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Friday, December 07, 2007


Cries of "Wolf!" heard all over Taiwan

Doin' my bes' to round up the mess

I have had neither the time nor the energy to write a post with as many links as I'd like, so bear with me as I round up some recent events that are on my mind and add comments before they get drowned out by newer events. I hope to add more links as I find them.

Who "raised the specter" of "martial law"?
On November 22, 2007, Chinese Nationalist Party (KMT) caucus whip Kuo Su-chun (郭素春), spouting nonsense in her usual style, said that Taiwan's democratically-elected president Chen Shui-bian (陳水扁) would use the 18 pan-blue-led counties' refusal to follow the Central Election Commission's single-step ballot distribution procedure as an excuse to "declare martial law." Talking Show (大話新聞) subsequently discussed whether Chen would use it or not. Days later, Chen said that people had made several suggestions about how to deal with the situation and that he would examine all possibilities.

Then came the veritable torrent of BS.

All of the "news" media in Taiwan, including the Taipei Times, twisted Chen's words to make it look like Chen had threatened to impose martial law when he had done no such thing. The English-language China Post had it on their front page -- surprisingly with a less sensational headline than the Taipei Times.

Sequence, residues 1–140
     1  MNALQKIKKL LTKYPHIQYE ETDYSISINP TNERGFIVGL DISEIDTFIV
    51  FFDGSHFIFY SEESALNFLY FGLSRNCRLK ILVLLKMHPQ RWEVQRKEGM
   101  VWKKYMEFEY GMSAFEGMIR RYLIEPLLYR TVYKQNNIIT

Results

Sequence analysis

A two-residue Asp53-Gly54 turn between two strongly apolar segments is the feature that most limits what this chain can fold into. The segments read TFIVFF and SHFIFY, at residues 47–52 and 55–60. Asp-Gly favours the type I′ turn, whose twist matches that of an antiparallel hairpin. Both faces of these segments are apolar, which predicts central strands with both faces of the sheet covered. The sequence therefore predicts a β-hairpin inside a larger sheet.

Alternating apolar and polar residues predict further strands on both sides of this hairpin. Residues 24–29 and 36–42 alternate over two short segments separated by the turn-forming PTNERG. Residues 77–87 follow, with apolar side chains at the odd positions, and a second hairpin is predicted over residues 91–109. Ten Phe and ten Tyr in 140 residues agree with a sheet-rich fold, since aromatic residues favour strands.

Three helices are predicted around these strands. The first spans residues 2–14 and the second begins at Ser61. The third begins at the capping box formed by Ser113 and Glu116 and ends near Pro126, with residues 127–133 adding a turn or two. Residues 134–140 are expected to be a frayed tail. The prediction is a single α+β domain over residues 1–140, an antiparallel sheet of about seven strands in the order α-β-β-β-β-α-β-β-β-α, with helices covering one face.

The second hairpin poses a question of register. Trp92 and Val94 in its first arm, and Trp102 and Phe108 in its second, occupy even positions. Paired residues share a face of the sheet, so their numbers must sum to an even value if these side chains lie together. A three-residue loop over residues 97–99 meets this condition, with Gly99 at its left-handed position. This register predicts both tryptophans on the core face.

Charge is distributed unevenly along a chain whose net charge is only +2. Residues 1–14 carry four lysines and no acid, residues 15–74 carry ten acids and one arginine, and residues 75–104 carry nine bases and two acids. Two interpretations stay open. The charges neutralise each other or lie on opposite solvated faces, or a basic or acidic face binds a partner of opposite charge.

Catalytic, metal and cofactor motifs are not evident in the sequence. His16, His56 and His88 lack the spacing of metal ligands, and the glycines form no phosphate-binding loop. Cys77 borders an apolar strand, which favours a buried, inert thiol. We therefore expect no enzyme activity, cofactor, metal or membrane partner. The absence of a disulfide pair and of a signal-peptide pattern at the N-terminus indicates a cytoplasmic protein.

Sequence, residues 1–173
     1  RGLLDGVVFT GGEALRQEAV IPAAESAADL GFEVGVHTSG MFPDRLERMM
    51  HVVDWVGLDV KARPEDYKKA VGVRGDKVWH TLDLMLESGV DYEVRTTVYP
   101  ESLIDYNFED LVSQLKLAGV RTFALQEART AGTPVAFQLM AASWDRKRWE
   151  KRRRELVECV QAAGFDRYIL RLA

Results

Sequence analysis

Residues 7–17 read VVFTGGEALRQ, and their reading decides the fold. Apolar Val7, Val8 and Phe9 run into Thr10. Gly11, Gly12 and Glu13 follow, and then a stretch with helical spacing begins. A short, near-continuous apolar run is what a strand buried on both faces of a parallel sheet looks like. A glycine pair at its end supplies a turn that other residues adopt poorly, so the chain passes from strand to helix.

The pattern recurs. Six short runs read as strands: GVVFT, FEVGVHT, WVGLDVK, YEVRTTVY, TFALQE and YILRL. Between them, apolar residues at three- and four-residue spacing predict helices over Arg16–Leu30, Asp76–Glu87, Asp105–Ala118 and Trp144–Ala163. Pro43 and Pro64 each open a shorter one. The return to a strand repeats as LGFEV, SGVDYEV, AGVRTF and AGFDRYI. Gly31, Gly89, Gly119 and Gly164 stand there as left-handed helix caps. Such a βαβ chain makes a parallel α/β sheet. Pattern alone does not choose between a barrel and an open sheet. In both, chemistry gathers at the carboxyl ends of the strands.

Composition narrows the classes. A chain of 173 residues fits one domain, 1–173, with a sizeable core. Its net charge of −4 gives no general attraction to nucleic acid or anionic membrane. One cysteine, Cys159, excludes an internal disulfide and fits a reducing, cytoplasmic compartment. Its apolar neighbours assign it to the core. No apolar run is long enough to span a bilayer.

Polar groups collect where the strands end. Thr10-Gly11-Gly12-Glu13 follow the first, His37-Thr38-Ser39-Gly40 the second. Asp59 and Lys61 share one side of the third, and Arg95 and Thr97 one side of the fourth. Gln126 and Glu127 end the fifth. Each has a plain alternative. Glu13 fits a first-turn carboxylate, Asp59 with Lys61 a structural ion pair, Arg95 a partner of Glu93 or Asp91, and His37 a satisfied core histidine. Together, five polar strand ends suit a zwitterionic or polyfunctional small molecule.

Subsequent to the fallacious reports, President Chen reassured the public that he would not declare martial law (WMV files; see the beginning of Part 5), but by that time, the distortion machine had done the dastardly deed, and far too many felt that they were obligated to admonish Chen -- all for something he hadn't done.

Rule Number 1: Remember the story of "The Boy Who Cried Wolf," and if the allegation looks as implausible as this one did, go with your instincts, and don't repeat the accusation until you see the evidence with your own eyes, hear it with your own ears, and feel it with your own fingers. And even then, you might want to think twice.

Don't put one iota of trust in the KMT
The KMT recently aired a mostly black-and-white commercial featuring several people who expressed extreme disgust with the DPP government. The people in the commercial were portrayed as being "poor average citizens," but if you remember Rule Number 1 above, you would have had the same suspicions as I did: that none of these people was "an average Chou." The ad ends with the incredibly ironic warning: "Don't trust the DPP."